Micheal Pacheco 32:43
Yeah. Yeah, I like that. You’re the you’re the you’re the guide on the on the fishing trip. Not that not the fit, not the fisherman.

Steve Ferman 32:54
Yeah, yeah. Yeah, it’s a good way to put it. Absolutely. I like it.

Micheal Pacheco 32:57
So we talked about some some struggles that your clients have had, where you’ve helped them overcome that let’s let’s circle back to that and talk about some struggles that that you Steve have run into throughout your coaching career and, and how you’ve kind of figured out how to navigate those bumps in the road.

Steve Ferman 33:18
So for anyone that’s just starting this, this is for you. It’s not a sprint. It is absolutely a marathon in every sense of the words even for somebody like me who’s been doing this you know, I’ve been in business for over 40 years I was always basically the main ring Rainmaker and all my companies while I had salespeople is around just the owner easier to sell I guess. But um, it’s not necessarily an easy thing to do to become a coach. I think it’s important to have some background and have some some meat behind you obviously, but people don’t always want to admit they need help. People don’t necessarily see the forest within the trees so they don’t really realize they need that help yet. So our jobs as coaches is I spent a lot of time educating people and I think you need a lot of tenacity and I’ll be honest, it’s it’s been rough getting new clients. I have I have clients but no it’s not like when I was selling it services I got pop clients stuff right and that’s the way it was you know, we just ordered them so I think just you got to be on social media use video you gotta network you got to put in the time that’s just the reality and it only sucks for a while as he says he told me that and then the floodgates floodgates open. Love it. Love it. started coaching coaching like out to the world in November, so Oh, really? Yeah.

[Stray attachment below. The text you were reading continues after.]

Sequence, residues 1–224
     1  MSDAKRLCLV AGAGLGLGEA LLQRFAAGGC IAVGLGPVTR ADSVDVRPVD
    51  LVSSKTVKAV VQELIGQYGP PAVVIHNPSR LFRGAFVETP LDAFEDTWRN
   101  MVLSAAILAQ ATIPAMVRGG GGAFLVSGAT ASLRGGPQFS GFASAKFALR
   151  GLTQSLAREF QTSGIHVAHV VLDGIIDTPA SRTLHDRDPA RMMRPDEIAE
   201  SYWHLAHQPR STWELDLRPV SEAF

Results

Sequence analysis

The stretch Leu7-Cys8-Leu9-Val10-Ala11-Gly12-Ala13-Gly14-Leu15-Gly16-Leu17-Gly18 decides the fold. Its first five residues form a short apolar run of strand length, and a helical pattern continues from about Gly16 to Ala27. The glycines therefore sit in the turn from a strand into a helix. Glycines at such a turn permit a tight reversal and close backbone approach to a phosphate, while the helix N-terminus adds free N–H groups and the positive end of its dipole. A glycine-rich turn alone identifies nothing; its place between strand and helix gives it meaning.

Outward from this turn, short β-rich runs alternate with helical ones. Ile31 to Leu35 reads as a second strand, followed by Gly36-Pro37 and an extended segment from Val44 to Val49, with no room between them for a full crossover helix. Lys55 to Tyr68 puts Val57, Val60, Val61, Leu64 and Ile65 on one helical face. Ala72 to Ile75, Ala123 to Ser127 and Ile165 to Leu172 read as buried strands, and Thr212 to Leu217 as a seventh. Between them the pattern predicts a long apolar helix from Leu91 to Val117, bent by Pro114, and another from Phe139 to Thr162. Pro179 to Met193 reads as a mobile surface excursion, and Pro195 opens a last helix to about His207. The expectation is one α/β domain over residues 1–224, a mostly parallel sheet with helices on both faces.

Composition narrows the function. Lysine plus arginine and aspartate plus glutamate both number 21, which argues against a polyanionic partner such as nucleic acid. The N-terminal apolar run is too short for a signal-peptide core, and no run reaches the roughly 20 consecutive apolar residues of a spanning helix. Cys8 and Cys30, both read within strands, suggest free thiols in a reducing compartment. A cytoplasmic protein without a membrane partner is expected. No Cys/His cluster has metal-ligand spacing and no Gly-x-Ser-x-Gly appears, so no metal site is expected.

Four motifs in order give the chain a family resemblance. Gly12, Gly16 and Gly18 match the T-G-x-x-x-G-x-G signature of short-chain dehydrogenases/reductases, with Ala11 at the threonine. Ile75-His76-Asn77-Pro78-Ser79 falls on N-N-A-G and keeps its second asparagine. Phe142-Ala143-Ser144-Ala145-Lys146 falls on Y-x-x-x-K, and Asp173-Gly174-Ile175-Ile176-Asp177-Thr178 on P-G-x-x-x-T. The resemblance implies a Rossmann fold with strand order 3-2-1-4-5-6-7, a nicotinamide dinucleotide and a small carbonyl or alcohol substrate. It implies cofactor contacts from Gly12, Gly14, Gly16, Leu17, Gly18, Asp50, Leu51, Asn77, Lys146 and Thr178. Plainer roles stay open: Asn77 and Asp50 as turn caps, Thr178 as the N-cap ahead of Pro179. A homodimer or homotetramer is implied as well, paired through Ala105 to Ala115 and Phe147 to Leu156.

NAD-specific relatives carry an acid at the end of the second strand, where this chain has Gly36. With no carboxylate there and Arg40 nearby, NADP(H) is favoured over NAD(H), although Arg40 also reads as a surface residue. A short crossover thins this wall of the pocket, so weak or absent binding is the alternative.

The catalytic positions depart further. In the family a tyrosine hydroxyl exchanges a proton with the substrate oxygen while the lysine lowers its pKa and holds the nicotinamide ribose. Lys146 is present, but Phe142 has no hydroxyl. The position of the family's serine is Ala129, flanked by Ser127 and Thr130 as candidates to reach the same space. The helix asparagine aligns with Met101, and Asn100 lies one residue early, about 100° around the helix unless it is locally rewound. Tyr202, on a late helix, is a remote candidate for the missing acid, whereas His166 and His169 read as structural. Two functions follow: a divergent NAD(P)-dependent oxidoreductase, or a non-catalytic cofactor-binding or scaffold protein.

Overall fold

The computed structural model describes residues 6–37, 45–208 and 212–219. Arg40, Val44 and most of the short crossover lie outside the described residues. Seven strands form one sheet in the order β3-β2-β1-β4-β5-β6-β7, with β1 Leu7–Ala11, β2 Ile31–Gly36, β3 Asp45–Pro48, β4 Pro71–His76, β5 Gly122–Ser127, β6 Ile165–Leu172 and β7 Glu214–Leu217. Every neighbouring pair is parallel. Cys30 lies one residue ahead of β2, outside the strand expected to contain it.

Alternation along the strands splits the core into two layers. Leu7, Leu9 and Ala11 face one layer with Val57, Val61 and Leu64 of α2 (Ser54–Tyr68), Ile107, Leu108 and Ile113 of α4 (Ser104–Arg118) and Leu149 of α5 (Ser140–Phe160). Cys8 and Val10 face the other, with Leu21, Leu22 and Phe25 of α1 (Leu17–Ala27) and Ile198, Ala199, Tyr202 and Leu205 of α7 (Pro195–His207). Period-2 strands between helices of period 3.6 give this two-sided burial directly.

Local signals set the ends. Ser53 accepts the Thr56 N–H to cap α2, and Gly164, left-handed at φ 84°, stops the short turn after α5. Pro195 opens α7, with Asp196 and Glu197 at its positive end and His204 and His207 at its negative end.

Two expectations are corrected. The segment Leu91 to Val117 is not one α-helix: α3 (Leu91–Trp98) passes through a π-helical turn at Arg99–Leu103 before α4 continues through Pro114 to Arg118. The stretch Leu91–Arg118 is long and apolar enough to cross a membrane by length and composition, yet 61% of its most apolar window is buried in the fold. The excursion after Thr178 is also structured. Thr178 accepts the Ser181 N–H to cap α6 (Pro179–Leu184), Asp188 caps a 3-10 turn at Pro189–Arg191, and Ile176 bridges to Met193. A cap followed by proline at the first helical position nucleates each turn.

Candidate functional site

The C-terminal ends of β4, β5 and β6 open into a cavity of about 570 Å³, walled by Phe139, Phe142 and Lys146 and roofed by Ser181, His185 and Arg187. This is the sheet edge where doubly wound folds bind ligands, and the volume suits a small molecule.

Micheal Pacheco 34:51
Oh, wow. Okay, so Okay. Wow, that’s that’s, that’s amazing for you. What books would you recommend? Pick three books that you would recommend for other coaches to read or clients for that matter.

Steve Ferman 35:05
Scaling. Background there it is scaling up to who not how by Dr. Benjamin Hardy and Dan Sullivan, I thought was an amazing book. If you’re gonna be a coach, I tell you to read Rich Lipton, the prosperous coach. It’s also a good book, many books, and I’m like constantly reading them to always want to just read Oh, something about fish. Sounds crazy. But this is this is definitely worth the weight. It’s about this lady who learns basically how to manage a floor of unruly, not very happy people by going to a fish market, and realizing these people are working in this horrible, dirty, smelly environment but having the best time and they’re throwing a fish and one fish go into Wisconsin and the guy throws the fish to somebody else and the guy catches it. It’s just called Fish ftsh. Well, that’s why I couldn’t think of a different name because that’s the name of fish. It’s a little book. But it’s all about how she she really learned some good lessons from these longshoreman on culture and core values, and like, you know, building a team, positive attitude. So really, really good book, very motivating, I highly recommend it. And they